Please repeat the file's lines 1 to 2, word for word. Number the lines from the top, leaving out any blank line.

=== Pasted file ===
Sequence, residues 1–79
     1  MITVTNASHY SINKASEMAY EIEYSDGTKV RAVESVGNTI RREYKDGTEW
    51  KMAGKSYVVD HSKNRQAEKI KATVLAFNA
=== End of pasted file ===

Sequence, residues 1–79
     1  MITVTNASHY SINKASEMAY EIEYSDGTKV RAVESVGNTI RREYKDGTEW